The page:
For Cash Flow from Depreciation™ it is calculated by taking the Gross Depreciation (calculated above) and then multiplying that by the tax rate of the property owner. This shows how much the owner will save on their taxes. Depending on how they're doing their taxes it could be a larger tax refund and/or paying less taxes from their paychecks (weekly, monthly, etc).
As long as the tax code does not change, your Gross Depreciation benefit will likely remain the same for the depreciation period (27.5 years or 39 years depending on the investment type). Cash Flow from Depreciation™ will change based on your income tax rate.
Not every quadrant has equal certainty. Some are more speculative in nature and rely—to varying degrees—on the market.
For example, property values can go up and down in any given year. So, appreciation is considered relatively speculative. It won't always be constant and won't always be positive.
Probably to a slightly lesser degree, but still speculative, cash flow can vary. Rents don't always go up. Maybe you got top of the market rent one year, but the tenant moved out over the Thanksgiving/Christmas season and now you're forced to rent in a lower rental season. Your cash flow return could be lower… even negative if you were close to zero to begin with from one year to the next.
Plus, rents don't always rise. Sometimes markets see a decline in popularity and demand and rents could be lower in the future than they are now.
For these reasons, appreciation and cash flow (the top half of the quadrants) are said to be more speculative.
Less-Speculative, More-Certain Returns
On the other hand, the bottom half of the quadrant consist of returns that are less prone to market fluctuations and are considered to be less-speculative and more-certain by their very nature.
For example, Debt Paydown is a contract between you and the mortgage company. If you make your mortgage payments as agreed you get this return. It doesn't matter if the market goes up or down. It doesn't matter if rents go up or down or vacancy goes up or down. These market factors are reflected in the other areas of return (Appreciation and Cash Flow respectively) and do not impact the Debt Paydown part of your return.
Another example of a less-speculative and more-certain return, is Tax Benefits. Unless the tax law changes, you likely receive Gross Depreciation and Cash Flow from Depreciation™. Of course, if you earn too much money this benefit may be delayed until either your income is such that you qualify again or until you sell the property. But, similarly to Debt Paydown, the return from Tax Benefits is not impacted by market conditions.
It is extremely rare to see the returns from Debt Paydown and Tax Benefits to ever be negative. It is possible (for example a negatively amortizing loan) but extremely uncommon.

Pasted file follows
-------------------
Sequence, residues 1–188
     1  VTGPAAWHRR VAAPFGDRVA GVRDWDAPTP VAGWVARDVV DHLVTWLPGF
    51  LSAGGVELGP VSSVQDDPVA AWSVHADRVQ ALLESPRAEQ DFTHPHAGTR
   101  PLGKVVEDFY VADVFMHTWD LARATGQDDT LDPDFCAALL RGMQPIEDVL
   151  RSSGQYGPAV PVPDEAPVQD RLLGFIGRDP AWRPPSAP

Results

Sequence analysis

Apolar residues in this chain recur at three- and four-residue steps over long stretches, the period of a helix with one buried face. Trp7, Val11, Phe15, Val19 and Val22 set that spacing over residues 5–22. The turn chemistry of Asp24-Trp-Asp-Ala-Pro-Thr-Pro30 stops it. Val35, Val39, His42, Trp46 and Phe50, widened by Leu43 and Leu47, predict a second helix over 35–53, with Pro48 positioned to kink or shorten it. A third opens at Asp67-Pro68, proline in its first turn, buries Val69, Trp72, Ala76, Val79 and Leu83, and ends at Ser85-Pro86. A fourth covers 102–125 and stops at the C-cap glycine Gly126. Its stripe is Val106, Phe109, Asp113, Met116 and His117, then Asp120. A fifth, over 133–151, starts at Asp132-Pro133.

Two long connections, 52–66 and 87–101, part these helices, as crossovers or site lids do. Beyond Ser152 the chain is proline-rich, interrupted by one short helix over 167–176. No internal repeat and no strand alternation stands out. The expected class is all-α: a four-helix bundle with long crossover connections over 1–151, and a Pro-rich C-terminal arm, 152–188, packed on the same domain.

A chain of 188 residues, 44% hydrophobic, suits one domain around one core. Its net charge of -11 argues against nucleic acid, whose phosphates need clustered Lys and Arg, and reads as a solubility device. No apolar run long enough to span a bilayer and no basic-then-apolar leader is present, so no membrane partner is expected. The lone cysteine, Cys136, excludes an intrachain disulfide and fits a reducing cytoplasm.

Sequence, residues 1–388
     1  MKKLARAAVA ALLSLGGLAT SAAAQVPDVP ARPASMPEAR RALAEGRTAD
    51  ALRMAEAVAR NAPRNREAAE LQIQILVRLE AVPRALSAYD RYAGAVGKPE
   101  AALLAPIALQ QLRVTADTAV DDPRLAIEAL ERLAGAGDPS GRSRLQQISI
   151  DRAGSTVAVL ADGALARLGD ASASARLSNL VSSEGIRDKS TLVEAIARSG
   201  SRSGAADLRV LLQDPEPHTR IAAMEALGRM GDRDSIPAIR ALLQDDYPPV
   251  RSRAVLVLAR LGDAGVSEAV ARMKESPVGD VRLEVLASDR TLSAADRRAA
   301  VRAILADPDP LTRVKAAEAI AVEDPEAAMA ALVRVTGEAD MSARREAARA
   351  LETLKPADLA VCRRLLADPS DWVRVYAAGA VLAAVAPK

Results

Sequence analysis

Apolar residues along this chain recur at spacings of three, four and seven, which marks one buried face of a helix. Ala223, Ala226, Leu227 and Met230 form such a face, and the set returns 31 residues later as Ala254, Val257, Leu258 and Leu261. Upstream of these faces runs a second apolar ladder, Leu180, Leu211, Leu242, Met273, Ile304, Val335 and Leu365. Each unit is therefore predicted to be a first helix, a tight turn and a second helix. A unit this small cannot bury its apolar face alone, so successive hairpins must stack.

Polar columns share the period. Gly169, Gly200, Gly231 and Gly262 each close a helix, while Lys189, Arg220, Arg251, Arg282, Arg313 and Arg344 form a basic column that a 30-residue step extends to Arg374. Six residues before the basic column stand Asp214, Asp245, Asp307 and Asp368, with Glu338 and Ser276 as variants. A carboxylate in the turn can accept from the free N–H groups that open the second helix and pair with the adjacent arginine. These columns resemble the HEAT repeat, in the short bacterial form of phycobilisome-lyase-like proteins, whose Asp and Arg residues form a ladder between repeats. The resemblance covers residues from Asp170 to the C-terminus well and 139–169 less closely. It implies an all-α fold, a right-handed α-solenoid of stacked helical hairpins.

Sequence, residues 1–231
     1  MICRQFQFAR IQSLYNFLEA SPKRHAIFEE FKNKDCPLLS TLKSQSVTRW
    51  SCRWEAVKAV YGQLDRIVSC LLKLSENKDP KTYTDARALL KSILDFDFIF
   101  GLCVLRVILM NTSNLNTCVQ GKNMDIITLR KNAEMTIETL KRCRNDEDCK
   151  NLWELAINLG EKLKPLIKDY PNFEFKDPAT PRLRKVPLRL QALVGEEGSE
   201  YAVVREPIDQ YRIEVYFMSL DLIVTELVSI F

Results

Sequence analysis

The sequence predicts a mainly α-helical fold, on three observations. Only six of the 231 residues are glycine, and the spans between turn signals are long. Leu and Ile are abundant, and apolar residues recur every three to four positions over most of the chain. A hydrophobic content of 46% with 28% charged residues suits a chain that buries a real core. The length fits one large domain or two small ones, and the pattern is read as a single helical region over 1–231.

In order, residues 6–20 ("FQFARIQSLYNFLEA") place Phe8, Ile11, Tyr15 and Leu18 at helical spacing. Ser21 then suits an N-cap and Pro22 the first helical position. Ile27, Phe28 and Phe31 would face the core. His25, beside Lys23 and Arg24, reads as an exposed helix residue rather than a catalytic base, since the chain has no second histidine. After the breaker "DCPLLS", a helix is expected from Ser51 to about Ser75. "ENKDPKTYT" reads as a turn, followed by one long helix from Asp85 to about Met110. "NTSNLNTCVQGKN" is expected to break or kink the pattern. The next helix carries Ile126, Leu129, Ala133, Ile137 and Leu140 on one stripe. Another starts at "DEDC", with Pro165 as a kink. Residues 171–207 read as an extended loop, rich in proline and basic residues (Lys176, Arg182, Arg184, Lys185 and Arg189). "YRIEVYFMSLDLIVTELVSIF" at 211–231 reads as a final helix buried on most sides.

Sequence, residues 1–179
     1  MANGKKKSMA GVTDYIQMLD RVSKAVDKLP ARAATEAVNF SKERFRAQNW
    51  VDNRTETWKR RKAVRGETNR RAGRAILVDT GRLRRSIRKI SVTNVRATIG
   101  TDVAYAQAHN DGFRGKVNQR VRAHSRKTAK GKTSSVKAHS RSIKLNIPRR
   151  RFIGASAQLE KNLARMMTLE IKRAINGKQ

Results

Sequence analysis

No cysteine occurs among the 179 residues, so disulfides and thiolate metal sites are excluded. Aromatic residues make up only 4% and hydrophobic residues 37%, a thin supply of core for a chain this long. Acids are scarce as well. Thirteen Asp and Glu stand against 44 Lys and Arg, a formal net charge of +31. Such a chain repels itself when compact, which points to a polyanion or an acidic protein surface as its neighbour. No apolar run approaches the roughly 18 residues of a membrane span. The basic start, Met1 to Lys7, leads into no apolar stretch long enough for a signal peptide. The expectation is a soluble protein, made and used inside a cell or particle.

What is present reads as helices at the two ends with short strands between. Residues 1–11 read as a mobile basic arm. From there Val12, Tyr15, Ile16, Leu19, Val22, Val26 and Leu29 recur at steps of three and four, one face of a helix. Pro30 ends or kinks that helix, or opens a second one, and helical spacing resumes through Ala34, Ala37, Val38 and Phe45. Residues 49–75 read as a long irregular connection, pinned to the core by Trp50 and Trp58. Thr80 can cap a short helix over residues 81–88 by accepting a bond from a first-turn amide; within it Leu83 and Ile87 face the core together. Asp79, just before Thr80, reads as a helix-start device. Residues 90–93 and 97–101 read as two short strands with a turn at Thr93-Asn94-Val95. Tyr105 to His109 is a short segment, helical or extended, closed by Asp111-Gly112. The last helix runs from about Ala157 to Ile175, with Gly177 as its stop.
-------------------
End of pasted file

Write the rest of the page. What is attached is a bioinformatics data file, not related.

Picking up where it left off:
When we think above the returns on the bottom half of the quadrant, we can think of those returns as the more likely, more steady returns that will—at a minimum—buoy the overall return of the investment even if Appreciation and Cash Flow may be low or even negative. For large negative returns from Appreciation and Cash Flow, the returns from Debt Paydown and Tax Benefits will almost always make the overall return less negative.
The two returns on the right of the quadrant are returns that tend to generate immediate cash… what I call Cash Now. Cash Flow and Cash Flow from Depreciation™ tend to put money in your pocket right away (monthly especially if you set up your income taxes to to decrease your tax liability from your paycheck to reflect the depreciation benefit by adjusting your exemptions with your employer).
Of course, Cash Flow can be negative so your Cash Now half of the quadrant could be negative if Cash Flow from Depreciation™ wasn't large enough to offset negative Cash Flow.
The Cash Now side is taxed now.
On the other side of the quadrant, we have Cash Later. This is the part of the return that you're getting but it is harder to access. It shows up as equity in your property from the property going up in value (Appreciation) and the amount you owe on the loan going down (Debt Paydown).
When you sell or refinance the property you can access any increase in property value and take advantage of owing less on the property.
The Cash Later side of the quadrant consists of some money that is taxed now (Debt Paydown of principal is made with after-tax dollars) and some that is taxed later (capital gains on any Appreciation when you sell).
However, you can often times access the increased equity by borrowing money (an untaxed event) against the property. This is usually accomplished by doing a cash out refinancing of the property or adding a second loan to the property (like a HELOC).
In 2020 and 2021 I created some more realistic, more advanced versions of the Return Quadrants™.
You should NOT invest in rental properties without appropriate cash reserves.
However, few folks were calculating returns that included the drag of these reserves on your return and no one was including the return you were earning on the reserves as part of the overall return.
I introduced these are additional variations of the three existing versions of the quadrants.
The Return in Dollars Quadrant™ became the Return in Dollars + Reserves Quadrant™ (abbreviated as RIDQ+R™). And, this came in two flavors: 6 month of reserves and 12 months of reserves.
Here's the 6 month reserves:
The Return on Investment Quadrant™ became the Return on Investment + Reserves Quadrant™ (abbreviated as ROIQ+R™) again in both 6 and 12 months.
Here's the 6 month reserves:
And, here's the 12 month reserves:
Anytime you enter a
Finally, Return on Equity Quadrant™ became a 6 month and 12 month version called Return on Equity + Reserves Quadrant™ (abbreviated as ROEQ+R™).
To learn more about these, check out the Everything You Learned About Deal Analysis is Wrong – ROIQ+R™
Return Quadrant™ Reports
Prior to 2021, you could easily see the Return Quadrant™ for any given
However, in 2021 I added a new series of reports for each
For example, here's an image of a sample report.
Plus, there are some new interactive charts like this one.
These new charts are available for return in dollars, return on investment and return on equity versions with 6 months or 12 months for each.
Plus, for return on equity, I introduced a new concept called True Net Equity™ which you can optionally use to calculate the return on equity but using your equity minus all expenses of selling the property.